BEIJING A major success by some standards, a big disappointment by others, but record-setting no matter which way you view it.
That's how the United States fared in the ultimate Olympic road test that ended Sunday, losing the gold-medal count 51-36 to China and winning the total-medal tally 110-100 over the suddenly powerful hosts of the Beijing Games.
The somewhat expected gold-medal rush by China even U.S. Olympic Committee leaders hailed China the decisive favorite snapped an American streak of dominance at the previous three Summer Games.
With 36 golds, the U.S. matched its total from the 2004 Athens Games and finished with one fewer than it had in 2000 in Sydney and eight fewer than in 1996 in Atlanta. It notched 38 silvers and 36 bronzes.
In claiming 110 medals, the U.S. broke its record for the most in a non-boycotted Olympics if you exclude the 242 it won at the 1904 Summer Games, attended by 12 countries. The previous record was 108 medals, set in 1992 in Barcelona.
"We were criticized the last couple years for telling people that the Chinese would have a very, very strong team," said Jim Scherr, chief executive officer of the USOC. "We've seen that come through on the gold-medal count. It's not something that we're pleased with. We certainly believe that our country is capable of winning the gold-medal count."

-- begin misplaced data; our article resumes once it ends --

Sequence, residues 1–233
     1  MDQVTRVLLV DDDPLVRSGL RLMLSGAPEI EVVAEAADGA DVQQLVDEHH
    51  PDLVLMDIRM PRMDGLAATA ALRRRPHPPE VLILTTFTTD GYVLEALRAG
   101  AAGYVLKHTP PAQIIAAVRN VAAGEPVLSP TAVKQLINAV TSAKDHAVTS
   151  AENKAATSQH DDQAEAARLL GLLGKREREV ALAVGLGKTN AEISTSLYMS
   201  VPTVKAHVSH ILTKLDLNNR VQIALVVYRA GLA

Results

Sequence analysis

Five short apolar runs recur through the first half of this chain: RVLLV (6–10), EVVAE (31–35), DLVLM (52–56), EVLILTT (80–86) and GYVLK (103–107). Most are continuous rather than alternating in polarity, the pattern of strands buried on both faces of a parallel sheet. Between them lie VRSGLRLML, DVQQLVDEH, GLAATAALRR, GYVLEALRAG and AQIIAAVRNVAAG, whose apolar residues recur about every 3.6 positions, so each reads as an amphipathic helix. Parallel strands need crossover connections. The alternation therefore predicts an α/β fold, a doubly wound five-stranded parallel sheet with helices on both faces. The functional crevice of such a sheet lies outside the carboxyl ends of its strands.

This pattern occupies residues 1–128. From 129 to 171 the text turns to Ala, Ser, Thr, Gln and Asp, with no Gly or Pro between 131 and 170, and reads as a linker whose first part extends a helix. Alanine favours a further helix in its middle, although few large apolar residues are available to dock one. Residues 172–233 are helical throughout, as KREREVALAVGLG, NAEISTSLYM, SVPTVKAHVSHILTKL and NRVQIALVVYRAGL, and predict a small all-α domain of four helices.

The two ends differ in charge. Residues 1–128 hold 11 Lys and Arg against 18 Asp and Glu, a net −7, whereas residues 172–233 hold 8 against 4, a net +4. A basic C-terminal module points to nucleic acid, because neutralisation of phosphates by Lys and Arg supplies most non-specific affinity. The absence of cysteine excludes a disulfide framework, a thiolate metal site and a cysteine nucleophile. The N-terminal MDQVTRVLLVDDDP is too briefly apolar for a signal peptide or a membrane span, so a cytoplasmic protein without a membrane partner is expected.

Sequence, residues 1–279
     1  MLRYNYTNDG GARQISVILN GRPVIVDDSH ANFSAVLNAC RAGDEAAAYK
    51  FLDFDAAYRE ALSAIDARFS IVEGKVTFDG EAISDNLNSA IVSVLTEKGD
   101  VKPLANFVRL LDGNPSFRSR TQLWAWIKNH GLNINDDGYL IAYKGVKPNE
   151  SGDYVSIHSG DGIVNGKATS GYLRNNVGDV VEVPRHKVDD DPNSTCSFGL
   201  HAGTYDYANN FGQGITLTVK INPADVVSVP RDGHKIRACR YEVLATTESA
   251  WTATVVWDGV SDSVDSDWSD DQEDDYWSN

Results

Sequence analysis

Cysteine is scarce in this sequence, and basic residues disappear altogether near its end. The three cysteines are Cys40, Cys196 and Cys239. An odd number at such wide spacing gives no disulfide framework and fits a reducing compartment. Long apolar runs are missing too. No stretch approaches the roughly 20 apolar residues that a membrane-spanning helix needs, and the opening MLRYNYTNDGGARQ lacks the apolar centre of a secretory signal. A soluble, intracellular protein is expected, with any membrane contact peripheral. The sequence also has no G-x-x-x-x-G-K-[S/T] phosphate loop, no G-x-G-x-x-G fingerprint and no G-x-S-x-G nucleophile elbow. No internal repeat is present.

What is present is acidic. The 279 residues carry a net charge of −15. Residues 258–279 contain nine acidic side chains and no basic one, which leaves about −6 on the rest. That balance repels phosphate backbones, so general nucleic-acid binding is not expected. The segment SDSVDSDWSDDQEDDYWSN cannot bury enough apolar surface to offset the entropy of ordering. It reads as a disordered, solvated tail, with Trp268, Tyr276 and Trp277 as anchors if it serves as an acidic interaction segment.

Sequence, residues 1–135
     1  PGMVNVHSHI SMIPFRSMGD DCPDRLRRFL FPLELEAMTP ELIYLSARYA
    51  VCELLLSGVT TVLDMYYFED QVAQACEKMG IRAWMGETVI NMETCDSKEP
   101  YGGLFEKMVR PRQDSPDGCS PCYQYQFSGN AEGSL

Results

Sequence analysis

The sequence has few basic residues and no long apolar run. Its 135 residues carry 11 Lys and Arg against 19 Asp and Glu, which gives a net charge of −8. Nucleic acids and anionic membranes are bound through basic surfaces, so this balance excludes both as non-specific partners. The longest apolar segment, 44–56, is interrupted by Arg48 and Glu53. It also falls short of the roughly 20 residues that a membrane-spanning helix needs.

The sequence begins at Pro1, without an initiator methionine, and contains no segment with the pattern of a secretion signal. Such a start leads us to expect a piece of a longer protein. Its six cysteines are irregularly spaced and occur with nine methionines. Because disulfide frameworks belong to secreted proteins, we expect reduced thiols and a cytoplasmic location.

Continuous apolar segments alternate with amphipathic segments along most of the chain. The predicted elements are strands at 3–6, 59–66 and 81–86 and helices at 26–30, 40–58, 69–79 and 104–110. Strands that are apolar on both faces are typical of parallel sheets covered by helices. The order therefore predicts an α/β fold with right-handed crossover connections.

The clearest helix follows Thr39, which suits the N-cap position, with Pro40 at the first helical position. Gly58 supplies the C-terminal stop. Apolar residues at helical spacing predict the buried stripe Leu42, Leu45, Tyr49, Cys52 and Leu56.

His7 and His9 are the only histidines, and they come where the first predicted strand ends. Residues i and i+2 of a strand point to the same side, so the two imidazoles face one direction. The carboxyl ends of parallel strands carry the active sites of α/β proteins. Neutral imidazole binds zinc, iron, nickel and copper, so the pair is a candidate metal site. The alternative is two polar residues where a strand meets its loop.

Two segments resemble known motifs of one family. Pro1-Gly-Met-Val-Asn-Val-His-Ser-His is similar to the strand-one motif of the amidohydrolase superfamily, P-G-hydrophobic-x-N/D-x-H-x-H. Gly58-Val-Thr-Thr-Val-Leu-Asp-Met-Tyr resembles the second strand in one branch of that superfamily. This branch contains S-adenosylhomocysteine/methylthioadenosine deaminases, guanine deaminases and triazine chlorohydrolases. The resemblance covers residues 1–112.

Bolstered by seemingly unlimited resources and top-secret training methods, China won 26 golds in seven sports the U.S. didn't register a single medal archery, badminton, canoe/kayak, diving, trampoline gymnastics, table tennis and weightlifting.
For golds, China topped the U.S. 9-2 in artistic gymnastics and 5-2 in shooting, and it benefited from the Americans winning only one gold and eight medals in combat sports boxing, judo, taekwondo and wrestling.
A 597-person U.S. contingent can take pride in its continuous supremacy in the big-ticket sports. The Americans won 31 medals in swimming thanks to an Olympic record eight by Michael Phelps and 23 in track and field even though sprinter Tyson Gay bombed out.
In team sports, the U.S. cleaned up, taking golds in men's and women's basketball, women's soccer and men's indoor volleyball; silvers in women's gymnastics, softball, women's indoor volleyball and men's and women's water polo; and bronzes in baseball and men's gymnastics.
"We're succeeding in virtually every team sport that we've had here," Scherr said. "We knew it would be difficult, but we continued to invest resources in those sports. It's important to our country. ... We will not abandon those sports in an attempt to turn medals in individual sports."